Mayer said he is also excited about some current studies going on around the world now on the use of gels, vaginal rings and injectable medication to prevent HIV.

Still Major Challenges

While there have been gains in the treatment and prevention of HIV, those doing HIV advocacy work say there are still major challenges.

"I think a lot of public interest or attention has waned over the years as treatments have gotten better," Sciortino said. "But at the same time the virus is still here [and] the need to educate the public is still here. We still have young people growing up every day who have a need to learn the basics about how to stay safe. So our work is not done until we have a cure and a vaccine."

U.S. HIV statistics (aids.gov)
U.S. HIV statistics (aids.gov)

Mayer said he is concerned that the AIDS epidemic has become invisible in the U.S. and people may not think it affects them. For example, "young people are thinking that it's a problem of older people, whereas in truth the epidemic is still spreading quite rapidly among the young," he said.

Another challenge is finding people who haven't been tested yet and getting them care. HIV advocates say a major hurdle with that is how people with the infection are perceived.

"We know that we have the medications that can suppress the virus and keep people healthy and prevent transmission to others, but discrimination and stigma are very powerful forces that are disincentives to getting people tested and into care," said Ben Klein, a senior attorney at Gay & Lesbian Advocates & Defender (GLAD).

Klein said there has been a move across the country to repeal laws passed in the '80s and '90s that criminalized HIV, such as making it illegal to have sex if you are HIV positive. Those legal issues, along with issues of employment discrimination, can "perpetuate myths and stereotypes about HIV," Klein said.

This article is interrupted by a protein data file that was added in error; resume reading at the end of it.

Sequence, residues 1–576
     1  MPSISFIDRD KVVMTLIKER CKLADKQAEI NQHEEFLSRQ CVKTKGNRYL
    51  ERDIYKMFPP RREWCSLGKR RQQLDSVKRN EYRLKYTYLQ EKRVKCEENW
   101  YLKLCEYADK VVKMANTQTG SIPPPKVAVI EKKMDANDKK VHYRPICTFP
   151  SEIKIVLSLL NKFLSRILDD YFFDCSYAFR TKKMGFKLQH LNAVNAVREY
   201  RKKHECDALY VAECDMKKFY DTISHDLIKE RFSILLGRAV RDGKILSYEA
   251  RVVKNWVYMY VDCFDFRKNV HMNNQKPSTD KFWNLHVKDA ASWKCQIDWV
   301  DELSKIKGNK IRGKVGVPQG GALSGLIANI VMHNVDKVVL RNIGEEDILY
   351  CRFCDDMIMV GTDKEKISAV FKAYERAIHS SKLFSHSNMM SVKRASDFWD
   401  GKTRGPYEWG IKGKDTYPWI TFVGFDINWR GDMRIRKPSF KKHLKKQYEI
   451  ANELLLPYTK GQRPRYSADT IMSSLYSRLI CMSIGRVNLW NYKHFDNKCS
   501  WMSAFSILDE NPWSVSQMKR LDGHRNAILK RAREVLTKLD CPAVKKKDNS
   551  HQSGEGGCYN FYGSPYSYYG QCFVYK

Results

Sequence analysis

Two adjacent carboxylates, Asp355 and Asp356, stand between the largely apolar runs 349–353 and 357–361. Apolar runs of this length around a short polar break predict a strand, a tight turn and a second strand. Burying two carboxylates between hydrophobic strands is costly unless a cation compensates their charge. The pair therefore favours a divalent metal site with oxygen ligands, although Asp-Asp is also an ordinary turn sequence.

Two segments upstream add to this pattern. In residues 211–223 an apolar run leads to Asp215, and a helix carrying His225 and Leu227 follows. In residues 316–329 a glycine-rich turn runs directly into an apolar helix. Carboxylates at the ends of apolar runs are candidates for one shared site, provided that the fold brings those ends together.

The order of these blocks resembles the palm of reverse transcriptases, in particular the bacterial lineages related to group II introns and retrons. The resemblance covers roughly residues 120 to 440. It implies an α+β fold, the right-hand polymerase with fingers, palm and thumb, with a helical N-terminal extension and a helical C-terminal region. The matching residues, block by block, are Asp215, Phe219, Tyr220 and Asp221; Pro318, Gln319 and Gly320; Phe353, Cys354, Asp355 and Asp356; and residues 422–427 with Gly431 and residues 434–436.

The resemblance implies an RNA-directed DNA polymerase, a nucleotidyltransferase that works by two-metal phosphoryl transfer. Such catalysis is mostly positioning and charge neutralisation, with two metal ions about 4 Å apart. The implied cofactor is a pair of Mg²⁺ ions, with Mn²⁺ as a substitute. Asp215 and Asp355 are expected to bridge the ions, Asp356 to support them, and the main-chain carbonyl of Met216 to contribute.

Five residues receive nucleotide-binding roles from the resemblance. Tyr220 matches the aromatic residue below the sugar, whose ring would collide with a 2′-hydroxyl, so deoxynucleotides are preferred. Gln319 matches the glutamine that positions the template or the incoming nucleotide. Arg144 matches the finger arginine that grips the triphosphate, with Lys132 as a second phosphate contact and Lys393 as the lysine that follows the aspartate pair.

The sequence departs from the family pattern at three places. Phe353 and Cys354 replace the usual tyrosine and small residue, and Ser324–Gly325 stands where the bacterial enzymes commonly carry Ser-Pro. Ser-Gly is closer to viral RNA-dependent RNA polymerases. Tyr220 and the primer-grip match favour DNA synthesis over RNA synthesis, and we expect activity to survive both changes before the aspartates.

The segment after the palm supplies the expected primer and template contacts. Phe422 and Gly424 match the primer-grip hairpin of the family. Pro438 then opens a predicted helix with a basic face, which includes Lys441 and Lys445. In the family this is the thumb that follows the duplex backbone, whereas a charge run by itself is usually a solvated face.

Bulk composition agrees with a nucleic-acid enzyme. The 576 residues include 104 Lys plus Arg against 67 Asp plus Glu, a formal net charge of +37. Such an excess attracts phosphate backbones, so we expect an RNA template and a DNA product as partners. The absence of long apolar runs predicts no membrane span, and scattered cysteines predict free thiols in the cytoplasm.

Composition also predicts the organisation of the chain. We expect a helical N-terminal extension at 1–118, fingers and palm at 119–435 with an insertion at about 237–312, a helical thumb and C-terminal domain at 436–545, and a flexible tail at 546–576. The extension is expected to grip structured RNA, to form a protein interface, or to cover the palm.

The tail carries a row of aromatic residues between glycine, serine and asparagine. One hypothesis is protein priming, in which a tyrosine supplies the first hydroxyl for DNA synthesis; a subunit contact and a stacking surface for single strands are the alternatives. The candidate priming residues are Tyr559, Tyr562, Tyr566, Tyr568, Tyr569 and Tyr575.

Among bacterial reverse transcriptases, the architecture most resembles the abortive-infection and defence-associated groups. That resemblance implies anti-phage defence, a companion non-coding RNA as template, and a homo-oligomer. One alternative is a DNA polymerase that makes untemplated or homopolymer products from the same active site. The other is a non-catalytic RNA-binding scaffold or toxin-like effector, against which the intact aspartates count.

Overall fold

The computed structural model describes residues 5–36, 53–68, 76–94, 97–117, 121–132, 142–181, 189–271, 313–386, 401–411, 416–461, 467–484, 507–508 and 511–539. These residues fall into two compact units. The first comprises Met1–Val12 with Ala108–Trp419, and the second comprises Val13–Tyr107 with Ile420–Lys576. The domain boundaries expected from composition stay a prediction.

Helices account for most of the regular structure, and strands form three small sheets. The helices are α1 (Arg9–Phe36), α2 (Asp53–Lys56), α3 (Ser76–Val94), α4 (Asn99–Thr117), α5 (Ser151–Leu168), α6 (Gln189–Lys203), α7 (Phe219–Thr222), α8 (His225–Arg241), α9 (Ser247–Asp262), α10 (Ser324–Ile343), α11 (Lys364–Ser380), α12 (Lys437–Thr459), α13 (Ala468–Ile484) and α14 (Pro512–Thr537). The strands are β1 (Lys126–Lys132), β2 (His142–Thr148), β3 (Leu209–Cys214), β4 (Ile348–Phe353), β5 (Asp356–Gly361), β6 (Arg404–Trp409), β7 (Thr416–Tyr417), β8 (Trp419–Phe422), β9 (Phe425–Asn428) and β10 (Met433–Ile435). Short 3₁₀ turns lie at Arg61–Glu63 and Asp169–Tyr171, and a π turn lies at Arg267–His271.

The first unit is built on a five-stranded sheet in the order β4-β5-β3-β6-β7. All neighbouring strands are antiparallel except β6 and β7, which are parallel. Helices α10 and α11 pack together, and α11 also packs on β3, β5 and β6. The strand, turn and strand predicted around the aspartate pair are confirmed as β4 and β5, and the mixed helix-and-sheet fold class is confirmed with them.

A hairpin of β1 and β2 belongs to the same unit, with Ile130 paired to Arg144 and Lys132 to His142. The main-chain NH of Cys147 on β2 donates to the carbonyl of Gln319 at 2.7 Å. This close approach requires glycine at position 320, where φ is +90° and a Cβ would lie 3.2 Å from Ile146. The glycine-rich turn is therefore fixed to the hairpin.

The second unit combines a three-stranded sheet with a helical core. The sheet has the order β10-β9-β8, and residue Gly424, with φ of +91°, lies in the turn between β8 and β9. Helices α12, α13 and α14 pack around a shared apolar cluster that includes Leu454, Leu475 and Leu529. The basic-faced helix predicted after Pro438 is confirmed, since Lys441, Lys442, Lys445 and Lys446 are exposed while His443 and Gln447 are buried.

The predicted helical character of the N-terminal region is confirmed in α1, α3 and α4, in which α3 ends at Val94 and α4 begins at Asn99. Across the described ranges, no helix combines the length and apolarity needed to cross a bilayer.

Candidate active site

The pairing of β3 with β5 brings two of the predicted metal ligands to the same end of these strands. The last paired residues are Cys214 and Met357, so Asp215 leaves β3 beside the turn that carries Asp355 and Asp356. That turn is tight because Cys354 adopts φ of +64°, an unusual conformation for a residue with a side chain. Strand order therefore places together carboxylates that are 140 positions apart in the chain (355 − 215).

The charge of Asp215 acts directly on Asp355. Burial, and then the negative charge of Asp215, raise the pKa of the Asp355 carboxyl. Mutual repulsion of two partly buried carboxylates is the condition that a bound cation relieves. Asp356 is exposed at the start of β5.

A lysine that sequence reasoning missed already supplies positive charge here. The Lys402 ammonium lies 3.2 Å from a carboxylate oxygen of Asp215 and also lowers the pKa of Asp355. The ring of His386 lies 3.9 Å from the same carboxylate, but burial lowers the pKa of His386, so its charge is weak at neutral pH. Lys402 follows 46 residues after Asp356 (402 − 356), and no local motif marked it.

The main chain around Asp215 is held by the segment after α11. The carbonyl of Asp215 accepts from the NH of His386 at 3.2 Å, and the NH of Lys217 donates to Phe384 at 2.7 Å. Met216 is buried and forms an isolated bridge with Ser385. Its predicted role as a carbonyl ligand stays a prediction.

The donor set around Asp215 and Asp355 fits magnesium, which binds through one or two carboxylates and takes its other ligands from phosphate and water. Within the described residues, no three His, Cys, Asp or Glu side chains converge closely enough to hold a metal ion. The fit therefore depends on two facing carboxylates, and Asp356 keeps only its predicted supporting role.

Raising Awareness, And What You Can Do To Help

With World AIDS Day, people across the globe are looking to raise awareness and reduce the stigma around HIV.

In Boston, you may notice that the Zakim Bridge is red Monday night. Apple stores, including the one on Boston's Boylston Street, are also displaying red. The Prudential Center will also be lit up red in recognition of World AIDS Day.


There are also several local events happening to mark World AIDS Day. Here are a few:

- World AIDS Day Youth event, 4-6 p.m. at Whittier Street Health Center in Roxbury
- Candlelight vigil, 5:15 p.m. at Boston Public Library in Copley Square
- World AIDS Day at Simmons College, 7-9 p.m. at the Linda K. Parskey Center

Here is a list of more World AIDS Day events. Also, you can find a free HIV testing center by using the CDC's Get Tested tool. Massachusetts HIV resources can also be found here.

Zeninjor Enwemeka Twitter Digital Reporter
Zeninjor Enwemeka is a digital reporter, covering a range of news. She also covers tech and culture as part of WBUR's Bostonomix team, which focuses on the innovation economy.